Looking backwards and forwards: Orpheus in love and metapoetical complexities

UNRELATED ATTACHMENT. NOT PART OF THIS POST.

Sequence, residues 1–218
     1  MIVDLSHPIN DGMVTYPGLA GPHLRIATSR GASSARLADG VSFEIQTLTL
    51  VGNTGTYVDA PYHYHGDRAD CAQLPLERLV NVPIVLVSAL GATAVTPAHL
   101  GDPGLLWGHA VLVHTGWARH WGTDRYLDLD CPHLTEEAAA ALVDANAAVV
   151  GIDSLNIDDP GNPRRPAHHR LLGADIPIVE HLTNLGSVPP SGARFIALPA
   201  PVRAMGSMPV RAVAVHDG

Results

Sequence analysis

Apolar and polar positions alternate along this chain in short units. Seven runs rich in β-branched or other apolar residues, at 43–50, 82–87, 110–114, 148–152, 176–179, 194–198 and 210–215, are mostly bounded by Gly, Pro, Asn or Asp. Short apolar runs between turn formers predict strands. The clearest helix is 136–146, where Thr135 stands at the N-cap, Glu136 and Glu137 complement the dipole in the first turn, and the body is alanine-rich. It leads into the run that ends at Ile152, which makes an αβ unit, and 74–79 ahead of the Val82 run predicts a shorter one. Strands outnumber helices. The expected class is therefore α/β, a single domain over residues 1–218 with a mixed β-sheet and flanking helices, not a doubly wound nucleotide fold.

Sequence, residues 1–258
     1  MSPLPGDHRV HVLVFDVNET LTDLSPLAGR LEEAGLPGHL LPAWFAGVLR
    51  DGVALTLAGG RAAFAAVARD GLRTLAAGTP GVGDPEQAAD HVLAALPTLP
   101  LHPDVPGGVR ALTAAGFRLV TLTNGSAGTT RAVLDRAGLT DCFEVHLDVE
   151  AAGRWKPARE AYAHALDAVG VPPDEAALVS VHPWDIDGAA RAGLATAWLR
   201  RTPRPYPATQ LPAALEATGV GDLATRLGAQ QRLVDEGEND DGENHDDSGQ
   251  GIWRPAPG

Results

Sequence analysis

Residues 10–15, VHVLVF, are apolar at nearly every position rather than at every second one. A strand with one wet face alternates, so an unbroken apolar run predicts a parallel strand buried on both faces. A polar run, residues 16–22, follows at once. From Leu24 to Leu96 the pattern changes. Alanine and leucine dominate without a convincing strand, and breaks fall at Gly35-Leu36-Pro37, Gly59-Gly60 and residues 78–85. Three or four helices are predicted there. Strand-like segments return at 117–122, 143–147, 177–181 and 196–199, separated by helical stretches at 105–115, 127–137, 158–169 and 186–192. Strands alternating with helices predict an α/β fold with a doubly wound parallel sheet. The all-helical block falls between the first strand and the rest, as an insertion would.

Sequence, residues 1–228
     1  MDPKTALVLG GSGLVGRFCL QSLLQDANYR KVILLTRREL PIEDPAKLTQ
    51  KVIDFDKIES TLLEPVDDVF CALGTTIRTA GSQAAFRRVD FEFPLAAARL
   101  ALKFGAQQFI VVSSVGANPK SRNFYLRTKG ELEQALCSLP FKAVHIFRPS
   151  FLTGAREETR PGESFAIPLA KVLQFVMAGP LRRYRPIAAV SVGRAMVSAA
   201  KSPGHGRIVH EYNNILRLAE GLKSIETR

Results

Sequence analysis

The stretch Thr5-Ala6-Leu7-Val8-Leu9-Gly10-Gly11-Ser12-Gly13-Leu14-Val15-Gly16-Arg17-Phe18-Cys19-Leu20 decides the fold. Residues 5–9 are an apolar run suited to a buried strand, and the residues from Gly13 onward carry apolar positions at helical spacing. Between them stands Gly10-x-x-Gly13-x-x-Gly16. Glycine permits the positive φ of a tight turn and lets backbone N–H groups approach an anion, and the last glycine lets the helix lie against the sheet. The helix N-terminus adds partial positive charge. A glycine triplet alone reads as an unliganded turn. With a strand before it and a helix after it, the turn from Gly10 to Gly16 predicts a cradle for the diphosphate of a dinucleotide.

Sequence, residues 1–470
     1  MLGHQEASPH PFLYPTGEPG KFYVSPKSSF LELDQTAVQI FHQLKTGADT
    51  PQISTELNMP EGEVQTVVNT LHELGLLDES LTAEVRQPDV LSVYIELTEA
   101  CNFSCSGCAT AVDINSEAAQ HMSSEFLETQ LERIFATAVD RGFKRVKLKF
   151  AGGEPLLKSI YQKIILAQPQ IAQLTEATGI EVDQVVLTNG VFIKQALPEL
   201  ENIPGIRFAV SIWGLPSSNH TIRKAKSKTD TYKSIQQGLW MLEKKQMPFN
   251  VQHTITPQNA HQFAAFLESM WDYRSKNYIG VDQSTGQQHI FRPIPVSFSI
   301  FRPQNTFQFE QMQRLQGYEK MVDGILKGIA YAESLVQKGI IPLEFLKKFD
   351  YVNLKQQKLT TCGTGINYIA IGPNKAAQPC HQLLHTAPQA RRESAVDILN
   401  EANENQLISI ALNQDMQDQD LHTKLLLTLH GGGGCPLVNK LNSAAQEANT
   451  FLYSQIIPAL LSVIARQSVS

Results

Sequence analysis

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The thesis Looking backwards and forwards – Orpheus in love and metapoetical complexities analyses the mythical poet Orpheus of Thrace, and argues that in his capacity as a tragic and unsuccessful lover, he provides a metapoetic figure for a range of poets (both male and female) from antiquity to the present day. Through close reading, the thesis analyses depictions of Orpheus across a broad range of time periods and poetic genres. Each main chapter deals with three thematically linked texts which in the case of chapter 4 includes instances of classical reception. Chapter 1 investigates the appearance of Orpheus within poetic catalogues in the Hellenistic Greek poems Leontion by Hermesianax, Argonautica by Apollonius Rhodius and Loves or Beautiful Boys by Phanocles. Chapter 2 analyses the use of Orpheus within Greek and Roman poetic laments, represented by the Greek anonymous poem Lament for Bion, Statius’ Siluae 2.7 and Horace’s Carmina 1.24. Chapter 3 looks closer at the Roman poet Virgil’s famous depictions of Orpheus across his poetic collections, Eclogues, Georgics and Aeneid. Chapter 4 explores the use of Orpheus to convey marriage criticism within the Roman poet Ovid’s Metamorphoses, the British dramatist Henry Fielding’s Eurydice: Or the Devil Henpeck’d (1737), and German/French operetta composer Jacques Offenbach’s Orphée aux enfers (1858). Through studying these sample texts, the thesis argues that the figure of Orpheus acts as a vehicle for thinking more broadly about the poet’s role within the poetic tradition and the wider social and political context.